sun 14/07/2024

Sing Street | reviews, news & interviews

Sing Street

Sing Street

Dublin high school musical romcom is almost too winsome

Sing Street: Ferdia Walsh-Peelo and his motley crew

He did it Once. He did it with Begin Again. Sing Street is Irish writer and director John Carney’s third hymn to music’s inspiring power for his characters to find themselves. Almost too cute for its own good, it’s targeted at the feel-good market with the precision of one of those cruise missiles that can navigate up a jihadi’s u-bend.

If you don’t see it on a date, you might just as easily watch it with children, grandparents, or your long-lost step-sister from Patagonia. Perhaps only the soundtrack, a slick dovetailing of originals and some of the 1980s’ more stylish tunes from Duran Duran, The Cure, and others, keeps it the right side of mawkish.   

Conor, a mild schoolboy from a mildly troubled family, arrives at a mildly boisterous school, after his father’s architecture practice fails. He is persecuted about infringements of the dress code by the nit-picking headmaster Brother Baxter, and picked on in more traditional fashion by school bully Barry (though it’s hinted both men suffer the same kind of sexual repression, in what's perhaps a rather sweeping diagnosis of the psychosis of oppression). He quickly finds his feet, and, spotting the beautiful and intriguing Raphina across the road from school one day, sets about assembling a band from a happily diverse cross-section of the school community in order to woo her.

He is then instructed in the necessities of risk-taking in rock by older brother, and encyclopaedic vinyl buyer, Brendan, and no sooner has the band finished crashing through their first covers than they’re writing their own, quite passable, indie songs. The rehearsal scenes are some of the film’s most enjoyable. Carney, formerly a bassist with The Frames, is at his most closely observed and plausible here, and the humour and human drama are very well matched.  

Sing Street tips its hat rather flippantly at its characters’ troubles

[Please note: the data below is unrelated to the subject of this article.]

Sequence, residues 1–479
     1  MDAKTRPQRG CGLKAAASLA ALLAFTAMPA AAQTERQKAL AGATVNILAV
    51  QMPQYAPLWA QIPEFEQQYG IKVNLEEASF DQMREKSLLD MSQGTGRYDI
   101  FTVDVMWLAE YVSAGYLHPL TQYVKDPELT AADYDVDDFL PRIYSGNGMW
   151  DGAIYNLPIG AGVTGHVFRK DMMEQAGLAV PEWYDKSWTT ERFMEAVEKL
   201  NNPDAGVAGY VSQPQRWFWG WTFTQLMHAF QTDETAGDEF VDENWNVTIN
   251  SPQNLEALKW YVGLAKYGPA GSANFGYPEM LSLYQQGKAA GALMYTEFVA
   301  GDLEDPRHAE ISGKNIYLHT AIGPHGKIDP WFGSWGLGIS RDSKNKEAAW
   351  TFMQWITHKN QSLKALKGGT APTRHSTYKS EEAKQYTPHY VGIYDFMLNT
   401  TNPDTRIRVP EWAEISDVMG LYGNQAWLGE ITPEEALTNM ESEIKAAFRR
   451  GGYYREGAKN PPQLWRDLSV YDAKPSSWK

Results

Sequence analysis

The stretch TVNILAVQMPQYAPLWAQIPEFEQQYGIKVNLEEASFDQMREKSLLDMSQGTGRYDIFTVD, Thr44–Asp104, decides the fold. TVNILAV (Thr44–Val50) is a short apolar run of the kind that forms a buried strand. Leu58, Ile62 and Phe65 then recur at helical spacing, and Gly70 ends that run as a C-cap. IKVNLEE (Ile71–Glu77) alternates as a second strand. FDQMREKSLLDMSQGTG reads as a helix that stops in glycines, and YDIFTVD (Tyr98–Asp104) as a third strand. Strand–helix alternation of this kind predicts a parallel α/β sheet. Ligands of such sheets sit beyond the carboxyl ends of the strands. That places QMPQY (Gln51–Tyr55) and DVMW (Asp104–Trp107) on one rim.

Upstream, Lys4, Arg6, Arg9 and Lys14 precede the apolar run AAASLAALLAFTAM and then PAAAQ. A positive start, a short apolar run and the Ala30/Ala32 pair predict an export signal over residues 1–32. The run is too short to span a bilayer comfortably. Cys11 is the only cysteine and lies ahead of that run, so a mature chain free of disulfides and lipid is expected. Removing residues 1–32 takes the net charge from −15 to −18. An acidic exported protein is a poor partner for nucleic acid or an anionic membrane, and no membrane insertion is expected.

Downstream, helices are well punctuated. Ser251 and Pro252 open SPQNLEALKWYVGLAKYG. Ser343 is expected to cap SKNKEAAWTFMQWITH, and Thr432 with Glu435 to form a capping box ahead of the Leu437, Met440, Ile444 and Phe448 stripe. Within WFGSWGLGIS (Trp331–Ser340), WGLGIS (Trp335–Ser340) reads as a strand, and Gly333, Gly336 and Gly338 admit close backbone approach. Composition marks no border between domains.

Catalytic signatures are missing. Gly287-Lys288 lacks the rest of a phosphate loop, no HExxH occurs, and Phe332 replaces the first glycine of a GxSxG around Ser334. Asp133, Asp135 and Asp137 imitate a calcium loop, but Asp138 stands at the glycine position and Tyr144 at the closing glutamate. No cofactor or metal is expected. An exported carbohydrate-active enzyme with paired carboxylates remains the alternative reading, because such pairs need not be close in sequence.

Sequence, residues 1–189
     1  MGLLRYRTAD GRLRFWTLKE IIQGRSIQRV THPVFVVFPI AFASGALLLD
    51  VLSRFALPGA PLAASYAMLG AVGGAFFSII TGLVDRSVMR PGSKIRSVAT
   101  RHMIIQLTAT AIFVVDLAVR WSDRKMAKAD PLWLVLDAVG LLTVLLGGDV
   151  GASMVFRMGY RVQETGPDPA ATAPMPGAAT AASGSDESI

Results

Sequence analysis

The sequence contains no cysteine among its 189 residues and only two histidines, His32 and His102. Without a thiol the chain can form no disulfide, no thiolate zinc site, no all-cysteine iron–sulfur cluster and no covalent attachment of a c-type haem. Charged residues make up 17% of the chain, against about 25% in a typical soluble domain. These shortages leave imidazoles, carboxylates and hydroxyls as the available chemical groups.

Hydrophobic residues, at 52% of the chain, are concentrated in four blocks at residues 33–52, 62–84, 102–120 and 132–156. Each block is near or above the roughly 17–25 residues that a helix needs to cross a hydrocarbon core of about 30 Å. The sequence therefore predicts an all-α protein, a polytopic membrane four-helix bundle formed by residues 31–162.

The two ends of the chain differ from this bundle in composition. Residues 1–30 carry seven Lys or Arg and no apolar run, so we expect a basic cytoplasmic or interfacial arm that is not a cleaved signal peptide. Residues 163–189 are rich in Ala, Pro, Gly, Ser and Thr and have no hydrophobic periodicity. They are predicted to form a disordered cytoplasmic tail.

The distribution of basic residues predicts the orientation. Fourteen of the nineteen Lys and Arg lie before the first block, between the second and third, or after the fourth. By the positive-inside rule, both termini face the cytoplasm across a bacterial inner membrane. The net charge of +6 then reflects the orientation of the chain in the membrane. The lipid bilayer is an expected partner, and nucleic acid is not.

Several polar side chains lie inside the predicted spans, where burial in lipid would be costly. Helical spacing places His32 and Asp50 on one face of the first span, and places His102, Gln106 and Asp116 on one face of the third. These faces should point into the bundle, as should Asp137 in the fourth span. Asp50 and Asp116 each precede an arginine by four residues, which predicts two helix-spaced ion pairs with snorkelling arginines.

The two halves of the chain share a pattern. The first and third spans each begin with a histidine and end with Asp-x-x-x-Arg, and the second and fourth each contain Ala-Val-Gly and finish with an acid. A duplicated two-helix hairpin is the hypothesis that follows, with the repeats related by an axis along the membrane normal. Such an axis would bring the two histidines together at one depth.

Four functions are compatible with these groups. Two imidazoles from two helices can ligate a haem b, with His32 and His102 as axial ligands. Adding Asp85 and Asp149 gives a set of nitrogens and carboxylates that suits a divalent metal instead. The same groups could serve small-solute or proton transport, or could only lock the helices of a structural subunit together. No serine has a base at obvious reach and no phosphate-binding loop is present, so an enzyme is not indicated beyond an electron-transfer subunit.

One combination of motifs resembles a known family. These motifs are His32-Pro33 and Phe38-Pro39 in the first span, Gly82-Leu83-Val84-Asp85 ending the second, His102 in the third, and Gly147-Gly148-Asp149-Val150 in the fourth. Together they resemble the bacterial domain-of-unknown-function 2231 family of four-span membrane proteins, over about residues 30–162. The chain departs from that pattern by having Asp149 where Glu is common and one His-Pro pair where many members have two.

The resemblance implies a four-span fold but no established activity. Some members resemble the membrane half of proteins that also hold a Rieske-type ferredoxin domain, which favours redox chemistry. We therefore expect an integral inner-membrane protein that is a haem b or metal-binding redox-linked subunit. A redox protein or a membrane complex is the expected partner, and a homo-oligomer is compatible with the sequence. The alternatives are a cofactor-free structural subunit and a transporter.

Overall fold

Conor, played by new discovery Ferdia Walsh-Peelo, has to develop very rapidly from a winsome yet wet-behind-the-ears school newbie to a romantic lead, seemingly growing by five years in what feels like as many minutes. He only just makes it work. Older brother Brendan (a potent Jack Reynor) and troubled lover Raphina (Lucy Boynton) both project a more carnal charisma. Even the rabbit-fancying multi-instrumentalist Eamon (Mark McKenna) has more of the trappings of edgy rockstardom.  

The shadow of the Angela’s Ashes misery genre has lurked over Irish historical drama for some time, yet if anything Sing Street tips its hat rather flippantly at its characters’ troubles. There’s depression, addiction and domestic abuse, but we never really get under the skin of the victims. The revelation of what’s holding Brendan back at home, while he sends Conor away on his adventures, is clever, but can’t help feeling a little too convenient, more a turning point on his character arc than a deeply realised piece of psychology.

The moment when Brother Baxter (Don Wycherley), toothbrush moustache lasciviously a-twitch, invites Conor into his private bathroom seems to be taking the film somewhere else entirely, yet by the time Conor – now Cosmo – leads his band on stage at the school prom, Baxter’s threat is completely neutered, and he’s largely a figure of fun. (The whole idea of a Christian Brothers’ school prom stretches credulity, yet Carney himself attended a Christian Brothers school, Synge Street, in Dublin – no prizes – so is presumably well placed to comment.)  

The ending will divide opinion, and – after Carney again hints at trouble, this time Titantic-style – the young lovers seem destined (although it’s left slightly open) to achieve their dream. The manner in which they do so is decidedly odd, however, and tips the tone, which has remained just the right side of believable, firmly into fantasy land. I certainly wouldn’t attempt what Conor and Raphina set out to do in such a tiny fishing boat.

Carney seems to be viewing his imagined world with both sepia and rose tints, yet the result is still, with sufficient suspension of disbelief, sweetly enjoyable. Ken Loach and the Dardennes Brothers will have little to fear come the next awards season, but an audience looking for good songs and broad-brush romance won’t let that spoil their fun.


Ken Loach and the Dardennes Brothers will have little to fear come the next awards season


Editor Rating: 
Average: 3 (1 vote)

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